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Anti-Semitism, racism, sexism or any form of hate usually happens in the heat of the moment. It catches us off guard, hitting us in the most emotional trigger we have and disarming us. It’s designed to do exactly that.
How can we prepare ourselves for these outbursts? More importantly, is there any way for us to fight hate with education and love? There’s no set answer, and sometimes we can react in the moment. Talking it out helps us build a better world – together.
This is a discussion with a 2 for Seder participant who found himself face to face with hate. Michael Reiner is a writer in New York City. He joins us as our guest contributor to tell a recent story about a personal confrontation with anti-Semitism.
2 for Seder: Mike, you recently found yourself faced with anti-Semitism online. Can you tell us a little about it?
Mike Reiner: I was having a conversation on Facebook with an acquaintance who grew up in my hometown and went to my school. Not someone I really knew, but we had a number of friends in common. We had, initially politely, disagreed online about politics. Clashing about issues on Facebook is no big deal, right? But then he started confronting me on the supposed fact that “there were thousands of collaborators with the Nazis in the SS who were Jewish.” My response: “What in the world are you talking about? Why are you directing it at me?” He then sent me an awful meme/graphic “Judenrat=Liberal, They Chose to Help the Nazis.”
I looked it up. A Judenrat was a ghetto council that the Nazis forced Jews to form to assist them. Not voluntary. Resist and die. His message: Jews were responsible for the Holocaust. We deserved it. Still deserve it.
2fS: There are a number of “new” Holocaust denier memes going around about collaborators – many were Jewish members of the military before 1938 who were all sent to the death camps. It’s purposefully misleading and incendiary. What did you do next?
MR: I let the person know that they did not have their facts straight and provided a link to the reference. I stated how offensive his statements were to me, especially since my grandfather was a victim of the Shoah. His response? A laugh icon.
2fS: It sounds like he hid behind Nazi memes to disarm you from your political discussion – and it worked. As a descendent of a Holocaust survivor this must have been unbelievably emotional and shocking. What did you see as your options?
MR: First, Facebook recently announced that it will be removing Holocaust denial speech. Great! I reported it. That felt good. The only problem was that a Facebook review takes some time. I could have stopped there, but I was so angry.
We had many mutual friends. I felt strongly about sharing his meme and letting them decide if they still wanted to be connected to him. I took a screenshot of our discussion, posted it on my Facebook page, and suggested that anyone who was still friends with both of us, should choose to unfriend one of us.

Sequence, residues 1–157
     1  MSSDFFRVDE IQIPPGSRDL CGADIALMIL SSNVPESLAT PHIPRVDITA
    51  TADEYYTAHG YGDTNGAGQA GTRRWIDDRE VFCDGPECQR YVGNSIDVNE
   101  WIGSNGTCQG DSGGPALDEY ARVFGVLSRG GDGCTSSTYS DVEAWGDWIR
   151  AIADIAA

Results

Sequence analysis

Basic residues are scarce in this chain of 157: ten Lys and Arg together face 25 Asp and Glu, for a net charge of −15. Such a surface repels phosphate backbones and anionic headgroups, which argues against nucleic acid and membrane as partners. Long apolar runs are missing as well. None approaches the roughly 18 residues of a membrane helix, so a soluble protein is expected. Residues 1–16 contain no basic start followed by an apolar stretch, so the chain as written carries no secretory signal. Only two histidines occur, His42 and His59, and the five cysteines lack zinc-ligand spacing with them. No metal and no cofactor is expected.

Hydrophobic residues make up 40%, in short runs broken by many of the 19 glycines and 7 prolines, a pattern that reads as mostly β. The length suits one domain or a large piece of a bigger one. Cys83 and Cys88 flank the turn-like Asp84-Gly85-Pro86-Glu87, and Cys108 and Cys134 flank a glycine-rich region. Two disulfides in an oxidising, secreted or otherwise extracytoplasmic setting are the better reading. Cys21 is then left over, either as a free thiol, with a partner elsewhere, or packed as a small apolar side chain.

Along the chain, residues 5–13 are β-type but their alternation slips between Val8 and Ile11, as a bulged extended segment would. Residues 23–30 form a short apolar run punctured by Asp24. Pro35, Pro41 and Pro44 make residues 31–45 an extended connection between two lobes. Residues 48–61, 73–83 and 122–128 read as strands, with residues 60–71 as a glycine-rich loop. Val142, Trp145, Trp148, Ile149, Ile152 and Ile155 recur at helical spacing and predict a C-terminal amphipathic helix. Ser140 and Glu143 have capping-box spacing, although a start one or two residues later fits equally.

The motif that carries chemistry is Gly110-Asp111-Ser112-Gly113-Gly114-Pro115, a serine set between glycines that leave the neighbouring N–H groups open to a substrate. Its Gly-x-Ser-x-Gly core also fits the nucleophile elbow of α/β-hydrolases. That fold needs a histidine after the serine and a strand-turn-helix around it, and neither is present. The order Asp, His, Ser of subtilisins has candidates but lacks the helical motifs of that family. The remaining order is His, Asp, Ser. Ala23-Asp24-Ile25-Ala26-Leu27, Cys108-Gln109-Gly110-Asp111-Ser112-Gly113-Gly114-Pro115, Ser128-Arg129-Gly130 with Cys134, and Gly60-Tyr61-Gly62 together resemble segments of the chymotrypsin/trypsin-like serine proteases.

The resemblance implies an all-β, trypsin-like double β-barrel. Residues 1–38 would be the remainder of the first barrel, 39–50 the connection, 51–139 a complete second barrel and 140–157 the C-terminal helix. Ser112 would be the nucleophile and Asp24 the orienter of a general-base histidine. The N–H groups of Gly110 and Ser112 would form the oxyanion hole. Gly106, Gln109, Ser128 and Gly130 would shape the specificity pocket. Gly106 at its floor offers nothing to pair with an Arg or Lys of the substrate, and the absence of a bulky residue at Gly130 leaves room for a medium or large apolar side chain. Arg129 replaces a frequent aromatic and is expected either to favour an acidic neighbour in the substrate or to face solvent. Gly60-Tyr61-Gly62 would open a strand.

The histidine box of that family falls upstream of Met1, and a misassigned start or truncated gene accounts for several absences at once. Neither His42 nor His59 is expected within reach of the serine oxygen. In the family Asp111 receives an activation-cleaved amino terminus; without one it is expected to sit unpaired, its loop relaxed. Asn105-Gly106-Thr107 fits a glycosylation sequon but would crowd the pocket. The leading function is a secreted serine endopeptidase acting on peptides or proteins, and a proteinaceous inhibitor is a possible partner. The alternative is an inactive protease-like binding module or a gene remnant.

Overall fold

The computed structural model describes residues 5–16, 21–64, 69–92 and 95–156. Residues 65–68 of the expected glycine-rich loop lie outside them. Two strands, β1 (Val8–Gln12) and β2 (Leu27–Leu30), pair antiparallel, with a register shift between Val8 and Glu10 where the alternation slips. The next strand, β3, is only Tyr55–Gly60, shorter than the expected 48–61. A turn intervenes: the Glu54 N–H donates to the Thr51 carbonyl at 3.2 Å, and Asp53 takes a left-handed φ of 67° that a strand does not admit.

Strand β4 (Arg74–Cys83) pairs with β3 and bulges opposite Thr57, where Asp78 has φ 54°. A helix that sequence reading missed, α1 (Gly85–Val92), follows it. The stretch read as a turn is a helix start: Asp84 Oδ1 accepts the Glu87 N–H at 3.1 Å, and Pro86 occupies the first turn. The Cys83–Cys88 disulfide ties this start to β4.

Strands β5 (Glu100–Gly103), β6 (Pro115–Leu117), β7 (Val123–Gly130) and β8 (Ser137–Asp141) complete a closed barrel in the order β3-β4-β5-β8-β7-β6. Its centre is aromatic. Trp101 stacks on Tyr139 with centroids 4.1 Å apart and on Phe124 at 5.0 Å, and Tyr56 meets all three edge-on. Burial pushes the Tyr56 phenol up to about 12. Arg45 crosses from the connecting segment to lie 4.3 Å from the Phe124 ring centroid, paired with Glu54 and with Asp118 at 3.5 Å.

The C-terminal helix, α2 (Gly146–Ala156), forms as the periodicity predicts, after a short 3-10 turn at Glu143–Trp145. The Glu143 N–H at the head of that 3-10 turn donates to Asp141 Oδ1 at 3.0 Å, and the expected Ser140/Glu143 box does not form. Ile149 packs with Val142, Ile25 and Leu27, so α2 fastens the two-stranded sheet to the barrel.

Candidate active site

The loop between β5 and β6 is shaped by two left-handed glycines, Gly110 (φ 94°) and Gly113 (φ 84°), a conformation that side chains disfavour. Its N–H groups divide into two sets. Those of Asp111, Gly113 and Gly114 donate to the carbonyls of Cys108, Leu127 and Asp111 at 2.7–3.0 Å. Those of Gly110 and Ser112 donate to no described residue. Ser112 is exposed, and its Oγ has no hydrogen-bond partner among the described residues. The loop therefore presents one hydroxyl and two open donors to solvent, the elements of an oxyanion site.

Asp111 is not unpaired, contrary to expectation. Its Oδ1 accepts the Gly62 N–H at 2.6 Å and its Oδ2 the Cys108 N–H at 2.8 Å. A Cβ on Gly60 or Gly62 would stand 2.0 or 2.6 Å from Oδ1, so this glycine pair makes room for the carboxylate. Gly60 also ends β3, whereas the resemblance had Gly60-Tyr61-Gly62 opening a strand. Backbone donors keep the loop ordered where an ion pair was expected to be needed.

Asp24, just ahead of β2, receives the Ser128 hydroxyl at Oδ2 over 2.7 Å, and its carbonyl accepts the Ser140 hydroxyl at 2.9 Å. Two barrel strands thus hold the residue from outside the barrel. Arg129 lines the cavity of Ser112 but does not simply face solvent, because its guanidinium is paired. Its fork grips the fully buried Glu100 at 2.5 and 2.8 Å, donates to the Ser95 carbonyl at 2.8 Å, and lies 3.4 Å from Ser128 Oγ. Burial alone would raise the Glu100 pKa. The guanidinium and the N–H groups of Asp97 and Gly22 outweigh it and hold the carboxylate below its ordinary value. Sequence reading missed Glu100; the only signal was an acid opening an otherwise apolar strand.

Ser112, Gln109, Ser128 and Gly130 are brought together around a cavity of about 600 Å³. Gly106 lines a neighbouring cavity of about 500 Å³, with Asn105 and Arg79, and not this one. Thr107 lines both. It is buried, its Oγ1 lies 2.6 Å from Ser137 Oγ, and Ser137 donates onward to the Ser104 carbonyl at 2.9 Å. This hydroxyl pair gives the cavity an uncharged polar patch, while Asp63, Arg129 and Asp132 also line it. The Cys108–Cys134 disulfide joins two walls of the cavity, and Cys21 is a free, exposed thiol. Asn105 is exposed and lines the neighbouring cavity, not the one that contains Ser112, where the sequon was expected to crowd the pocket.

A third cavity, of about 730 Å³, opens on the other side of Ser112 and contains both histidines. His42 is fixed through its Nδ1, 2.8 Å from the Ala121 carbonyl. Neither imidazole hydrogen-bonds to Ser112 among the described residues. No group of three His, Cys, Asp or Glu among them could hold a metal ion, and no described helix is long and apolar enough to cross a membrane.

2fS: It’s so hard in the heat of the moment to think straight, but we can prepare ourselves for possible future incidents. Did you try to reach out to him?
MR: I’ll admit it; I was simply too angry in the moment to think of it. But a mutual friend who was not embroiled in the fight did reach out and explained the situation. He took the meme down.
If I could do it over again, I would have talked with this mutual friend to proactively mediate about this particular incident and also to discuss the bigger picture with this acquaintance.
2fS: Right. It’s important to understand – was this person actually a neo-Nazi or just throwing around a meme to unfairly win an argument? If it’s the second (which is far more likely), you have an opportunity for education.
How do you feel about this incident today?
MR: This incident happened before the High Holidays and it still makes me angry. Let’s be clear though, I would have been much angrier if I had not done anything and just ignored him. In the past, we hushed things up or tried not to make waves. Today, it’s important to send a strong signal to those who wish to harass and slander Jews online that it’s not okay, not funny, and not to be tolerated
2fS: Mike, thank you – it is very brave of you to share this story with us. These little incidents happen constantly, and we all need to discuss them to give ourselves options to take constructive action.
Can you fight anti-Semitism Online?
We look for ways to build bridges, not burn them. Online anti-Semitism can be a powerful tool for shaping opinions, altering perceptions, and inflicting pain.
Education is power.
Understand where memes and stereotypes come from so you can defuse hate and start building a bridge. We recommend our Partner AJC’s Combat Hate Glossary, it’s easy to understand and reference.
You are not alone.
Building a bridge is never a one-person job. Bring in a friend, perhaps one of another faith, to help diffuse or see things from a different perspective. Use Tikkun Olam as your guide for taking action
if you come across hate, don’t ignore it. Assess the situation and report it or choose to confront it with a cool head.